Organizations need leadership to be effective. Mission doesn’t just happen. Rather, the church has to be organized to encourage and support mission. (By “mission” I’m talking about everything covered as the church’s mission in the concurrently running series on The Mission of the Church.)
Now, that doesn’t mean the elders have to tell the members what and how to do mission. Rather, their job is to equip the members and empower them for mission — whether it’s taking food to someone in mourning or feeding a thousand families a week in the name of Jesus.
So the administrative elders (which may be all of them, of course) are charged with the church’s vision — and making certain that the elders, staff, and members stay on task. This requires sometimes saying “no” to a very good idea. Indeed, you’ll quickly learn whether the staff has a heart for the congregation (rather than their ministry or themselves) by observing how well they stick to the vision.
This is not what we think of as pastoral, but it’s self-sacrificing service. The elders may have to say no to each other, to their best friends, to their family — and they have model the discipline to work the plan that’s been made.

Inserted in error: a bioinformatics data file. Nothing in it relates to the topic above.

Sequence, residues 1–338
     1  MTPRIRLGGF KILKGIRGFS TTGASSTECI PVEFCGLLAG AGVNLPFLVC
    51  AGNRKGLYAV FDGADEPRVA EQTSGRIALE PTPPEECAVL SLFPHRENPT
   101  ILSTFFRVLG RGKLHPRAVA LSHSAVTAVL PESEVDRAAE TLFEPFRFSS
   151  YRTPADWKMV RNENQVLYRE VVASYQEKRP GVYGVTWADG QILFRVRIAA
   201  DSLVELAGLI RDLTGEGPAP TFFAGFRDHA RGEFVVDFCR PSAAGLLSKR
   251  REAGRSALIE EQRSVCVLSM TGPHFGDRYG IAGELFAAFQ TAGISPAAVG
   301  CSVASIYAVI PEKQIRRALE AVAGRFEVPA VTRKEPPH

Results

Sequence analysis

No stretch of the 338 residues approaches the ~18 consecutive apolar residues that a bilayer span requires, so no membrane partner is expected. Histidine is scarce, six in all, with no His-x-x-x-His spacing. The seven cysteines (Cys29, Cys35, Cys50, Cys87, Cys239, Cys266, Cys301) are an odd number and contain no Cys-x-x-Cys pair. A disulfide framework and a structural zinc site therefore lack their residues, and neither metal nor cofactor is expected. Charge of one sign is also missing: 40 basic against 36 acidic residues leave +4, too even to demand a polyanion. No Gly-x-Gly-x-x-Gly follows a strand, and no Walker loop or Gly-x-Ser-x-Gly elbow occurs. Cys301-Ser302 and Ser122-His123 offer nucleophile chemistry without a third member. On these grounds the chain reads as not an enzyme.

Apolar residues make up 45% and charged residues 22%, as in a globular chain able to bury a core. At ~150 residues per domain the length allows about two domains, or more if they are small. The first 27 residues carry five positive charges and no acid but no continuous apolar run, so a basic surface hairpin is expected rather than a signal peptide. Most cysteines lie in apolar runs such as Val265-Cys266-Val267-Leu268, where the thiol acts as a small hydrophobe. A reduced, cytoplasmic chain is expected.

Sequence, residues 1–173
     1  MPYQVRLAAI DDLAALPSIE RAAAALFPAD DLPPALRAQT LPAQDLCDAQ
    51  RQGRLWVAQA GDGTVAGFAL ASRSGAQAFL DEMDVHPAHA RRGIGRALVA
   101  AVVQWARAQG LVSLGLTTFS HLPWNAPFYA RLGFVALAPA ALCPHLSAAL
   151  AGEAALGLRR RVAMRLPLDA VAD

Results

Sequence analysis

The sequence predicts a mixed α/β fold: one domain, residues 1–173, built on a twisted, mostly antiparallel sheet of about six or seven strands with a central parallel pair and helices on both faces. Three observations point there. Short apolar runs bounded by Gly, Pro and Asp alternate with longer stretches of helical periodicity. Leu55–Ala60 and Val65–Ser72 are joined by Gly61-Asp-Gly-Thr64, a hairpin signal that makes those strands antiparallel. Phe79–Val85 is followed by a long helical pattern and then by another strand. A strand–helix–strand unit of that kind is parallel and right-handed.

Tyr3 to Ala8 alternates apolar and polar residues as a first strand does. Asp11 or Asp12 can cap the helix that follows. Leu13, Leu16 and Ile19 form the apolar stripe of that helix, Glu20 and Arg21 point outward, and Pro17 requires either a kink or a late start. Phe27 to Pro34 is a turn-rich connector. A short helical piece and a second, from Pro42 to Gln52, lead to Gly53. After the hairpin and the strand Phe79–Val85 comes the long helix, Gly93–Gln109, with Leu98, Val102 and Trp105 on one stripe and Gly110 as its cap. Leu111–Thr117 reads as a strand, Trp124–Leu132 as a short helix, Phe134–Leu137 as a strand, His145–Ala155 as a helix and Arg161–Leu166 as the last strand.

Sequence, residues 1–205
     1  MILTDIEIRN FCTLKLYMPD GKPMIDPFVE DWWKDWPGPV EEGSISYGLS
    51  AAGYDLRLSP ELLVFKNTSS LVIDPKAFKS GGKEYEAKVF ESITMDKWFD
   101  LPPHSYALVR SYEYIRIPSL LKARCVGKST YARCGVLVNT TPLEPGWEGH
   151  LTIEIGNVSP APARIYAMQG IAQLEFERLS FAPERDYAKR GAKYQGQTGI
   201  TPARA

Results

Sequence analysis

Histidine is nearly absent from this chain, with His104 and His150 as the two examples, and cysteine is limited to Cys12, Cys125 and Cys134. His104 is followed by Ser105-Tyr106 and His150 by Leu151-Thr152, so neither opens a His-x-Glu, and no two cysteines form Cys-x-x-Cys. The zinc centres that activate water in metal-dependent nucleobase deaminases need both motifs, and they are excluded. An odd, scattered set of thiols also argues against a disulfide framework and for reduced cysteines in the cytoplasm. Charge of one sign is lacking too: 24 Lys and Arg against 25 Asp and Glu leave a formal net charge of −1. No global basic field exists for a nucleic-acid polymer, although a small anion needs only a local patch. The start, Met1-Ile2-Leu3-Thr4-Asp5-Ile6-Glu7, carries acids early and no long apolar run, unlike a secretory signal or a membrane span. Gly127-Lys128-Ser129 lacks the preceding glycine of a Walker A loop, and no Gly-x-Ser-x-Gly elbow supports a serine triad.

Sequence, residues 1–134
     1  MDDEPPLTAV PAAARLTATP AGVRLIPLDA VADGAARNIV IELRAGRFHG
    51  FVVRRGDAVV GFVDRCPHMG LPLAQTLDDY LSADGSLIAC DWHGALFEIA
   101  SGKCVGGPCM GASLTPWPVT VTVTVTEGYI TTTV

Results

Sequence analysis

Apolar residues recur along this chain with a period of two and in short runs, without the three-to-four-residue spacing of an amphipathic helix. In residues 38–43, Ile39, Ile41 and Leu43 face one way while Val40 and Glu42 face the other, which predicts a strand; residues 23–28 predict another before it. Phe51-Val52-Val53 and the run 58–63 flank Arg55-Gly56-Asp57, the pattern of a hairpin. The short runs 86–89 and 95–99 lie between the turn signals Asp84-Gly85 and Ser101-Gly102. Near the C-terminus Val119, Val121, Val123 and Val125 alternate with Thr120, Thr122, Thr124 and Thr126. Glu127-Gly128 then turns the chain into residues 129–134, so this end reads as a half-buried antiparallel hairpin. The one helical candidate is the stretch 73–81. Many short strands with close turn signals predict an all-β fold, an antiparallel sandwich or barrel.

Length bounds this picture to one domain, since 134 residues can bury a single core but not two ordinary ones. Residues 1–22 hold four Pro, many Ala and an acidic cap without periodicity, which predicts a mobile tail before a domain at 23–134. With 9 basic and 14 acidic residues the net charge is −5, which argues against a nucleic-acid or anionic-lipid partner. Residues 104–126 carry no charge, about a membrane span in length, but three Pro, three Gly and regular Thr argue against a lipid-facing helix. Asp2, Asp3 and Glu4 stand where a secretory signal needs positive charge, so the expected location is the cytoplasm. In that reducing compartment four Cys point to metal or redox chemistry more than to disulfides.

But if they have the hearts of shepherds, the congregation will have been brought into the visioning process. This is not routinely done — but the church will not take ownership of a vision imposed from on high. Staff will be impatient with the process, but taking the time to include the members in your planning will pay huge dividends in the long run.
On the other hand, the board of directors model would have the elders meet in secret, find a vision, and announce it to the church. The staff will usually be involved, but the members will ordinarily be cut out — and the result will be a very poor response from the church. People will not get excited about a vision that they weren’t involved in finding.
Hence, I’m no fan of preachers who fancy themselves as “vision casters,” meaning they read and book and went to a seminar but didn’t bother to talk to the flock. Elders can make the very same mistake.
So process matters, and if the goal of shepherding the flock is the spiritual formation of the flock (and that’s the biggest thing, I believe), the best way to mature the flock in the faith is to include them in planning and discernment process. But we just don’t know how.
So is this making sense? I mean, we have to stop thinking of “administration” and “leadership” as meaning “make the decisions for the church and tell them what to do.” Rather, administration and leadership is equipping and empowering the church to be on mission — so that the membership is sent out into the world on God’s mission for your congregation.
And this requires a very different way of doing business.